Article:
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Re: [Qemu-devel] How to measure guest memory access (qemu_ld/qemu_st) ti

From: Lluís Vilanova
Subject: Re: [Qemu-devel] How to measure guest memory access (qemu_ld/qemu_st) time?
Date: Mon, 18 Jun 2012 23:26:28 +0300
User-agent: Gnus/5.13 (Gnus v5.13) Emacs/24.1.50 (gnu/linux)

Blue Swirl writes:

> On Mon, Jun 18, 2012 at 8:28 AM, 陳韋任 (Wei-Ren Chen)
> <address@hidden> wrote:
>>>   The reason why we want to do the measuring is we want to use KVM (sounds 
>>> crazy
>>> idea) MMU virtualization to speedup the guest -> host memory address 
>>> translation.
>>> I talked to some people on LinuxCon Japan, included Paolo, about this idea. 
>>> The
>>> feedback I got is we can only use shadow page table rather than EPT/NPT to 
>>> do
>>> the address translation (if possible!) since different ISA (ARM and x86, for
>>> example) have different page table format. Besides, QEMU has to use ioctl 
>>> to ask
>>> KVM to get the translation result, but it's an overkill as the ARM page 
>>> table
>>> is quite simple, which can be done in user mode very fast.
>>  Anyone would like to give a comment on this? ;)
>>  From the talk with Laurent on #qemu, he said the way he thought of is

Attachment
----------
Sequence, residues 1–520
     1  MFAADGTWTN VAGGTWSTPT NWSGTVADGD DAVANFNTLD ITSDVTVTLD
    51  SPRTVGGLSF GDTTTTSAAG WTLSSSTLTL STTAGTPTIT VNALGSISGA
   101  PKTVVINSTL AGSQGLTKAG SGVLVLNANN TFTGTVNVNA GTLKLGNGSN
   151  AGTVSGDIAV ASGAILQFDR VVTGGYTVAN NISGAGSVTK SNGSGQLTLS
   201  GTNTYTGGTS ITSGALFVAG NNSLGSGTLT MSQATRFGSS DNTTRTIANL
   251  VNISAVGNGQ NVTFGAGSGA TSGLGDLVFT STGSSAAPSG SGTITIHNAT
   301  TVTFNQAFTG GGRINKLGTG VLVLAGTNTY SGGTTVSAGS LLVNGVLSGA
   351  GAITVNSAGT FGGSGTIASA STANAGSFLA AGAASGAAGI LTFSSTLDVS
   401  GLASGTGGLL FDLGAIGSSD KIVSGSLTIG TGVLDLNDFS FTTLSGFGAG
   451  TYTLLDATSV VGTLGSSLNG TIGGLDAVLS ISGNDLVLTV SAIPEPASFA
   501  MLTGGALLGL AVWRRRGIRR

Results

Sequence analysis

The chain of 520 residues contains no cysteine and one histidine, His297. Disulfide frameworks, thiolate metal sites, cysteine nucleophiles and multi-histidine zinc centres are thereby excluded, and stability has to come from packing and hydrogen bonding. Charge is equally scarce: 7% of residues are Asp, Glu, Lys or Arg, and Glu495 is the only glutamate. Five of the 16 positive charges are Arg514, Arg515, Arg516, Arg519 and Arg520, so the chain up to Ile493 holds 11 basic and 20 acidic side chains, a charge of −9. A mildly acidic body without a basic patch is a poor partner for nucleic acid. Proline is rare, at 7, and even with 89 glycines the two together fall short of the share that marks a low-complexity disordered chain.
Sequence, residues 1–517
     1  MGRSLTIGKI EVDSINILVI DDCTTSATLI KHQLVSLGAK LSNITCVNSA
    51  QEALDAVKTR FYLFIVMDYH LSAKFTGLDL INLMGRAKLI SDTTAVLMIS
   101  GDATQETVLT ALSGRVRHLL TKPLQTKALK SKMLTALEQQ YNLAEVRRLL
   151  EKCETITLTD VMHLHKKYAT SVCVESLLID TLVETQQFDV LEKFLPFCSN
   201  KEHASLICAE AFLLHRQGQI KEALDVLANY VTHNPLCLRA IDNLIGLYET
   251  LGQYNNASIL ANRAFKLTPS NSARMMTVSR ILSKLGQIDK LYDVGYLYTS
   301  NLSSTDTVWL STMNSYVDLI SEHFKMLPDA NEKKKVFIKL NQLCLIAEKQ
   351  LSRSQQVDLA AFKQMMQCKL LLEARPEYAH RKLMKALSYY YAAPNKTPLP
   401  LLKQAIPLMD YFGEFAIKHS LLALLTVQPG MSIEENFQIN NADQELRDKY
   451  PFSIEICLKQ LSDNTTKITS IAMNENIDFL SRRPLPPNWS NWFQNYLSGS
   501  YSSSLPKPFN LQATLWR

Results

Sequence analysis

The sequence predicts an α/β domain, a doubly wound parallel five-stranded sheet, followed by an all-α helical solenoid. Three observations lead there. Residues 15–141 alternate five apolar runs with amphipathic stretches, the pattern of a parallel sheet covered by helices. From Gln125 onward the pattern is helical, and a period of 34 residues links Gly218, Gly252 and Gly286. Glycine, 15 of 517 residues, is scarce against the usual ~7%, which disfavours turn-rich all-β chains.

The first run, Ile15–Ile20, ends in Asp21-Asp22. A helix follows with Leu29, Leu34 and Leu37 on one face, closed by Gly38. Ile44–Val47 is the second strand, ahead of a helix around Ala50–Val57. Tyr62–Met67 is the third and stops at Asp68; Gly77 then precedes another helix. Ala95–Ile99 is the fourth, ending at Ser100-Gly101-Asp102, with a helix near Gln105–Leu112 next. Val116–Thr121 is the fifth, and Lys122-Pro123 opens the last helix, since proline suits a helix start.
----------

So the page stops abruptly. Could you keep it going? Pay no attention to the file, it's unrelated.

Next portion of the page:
>> translating GVA -> GPA manually (through software), then try to insert
>> GPA -> HPA into EPT, that's the only way HW can help.

> For some 32 bit guests on some 64 bit hosts, maybe KVM could indeed
> help. Just map the whole 4G guest virtual address space so that guest
> memory accesses can be turned 1:1 into raw direct accesses. I/O pages
> would be unmapped, accesses handled via fault path.

But if QEMU/TCG is doing a GVA->GPA translation as Wei-Ren said, I don't see how
KVM can help.

I could understand having multiple 32bit regions in QEMU's virtual space (no
need for KVM), one per guest page table, and then simply adding an offset to
every memory access to redirect it to the appropriate 32-bit region (1 region
per guest page table).

This could translate a single guest ld/st into a host ld+add+ld/st (the first
load is to get the "region" offset for the currently executing guest context).

With this, you can use 'mprotect' in QEMU to enforce the guest's page
permissions (as long as the host supports it), and 'mmap' to share the host
physical memory between the different 32-bit regions whenever the guest page
tables share guest physical memory (again, as long as the host supports it).

But I suppose having a guest with as many or more bits than the host is the
common case, which hinders its applicability.


 "And it's much the same thing with knowledge, for whenever you learn
 something new, the whole world becomes that much richer."
 -- The Princess of Pure Reason, as told by Norton Juster in The Phantom

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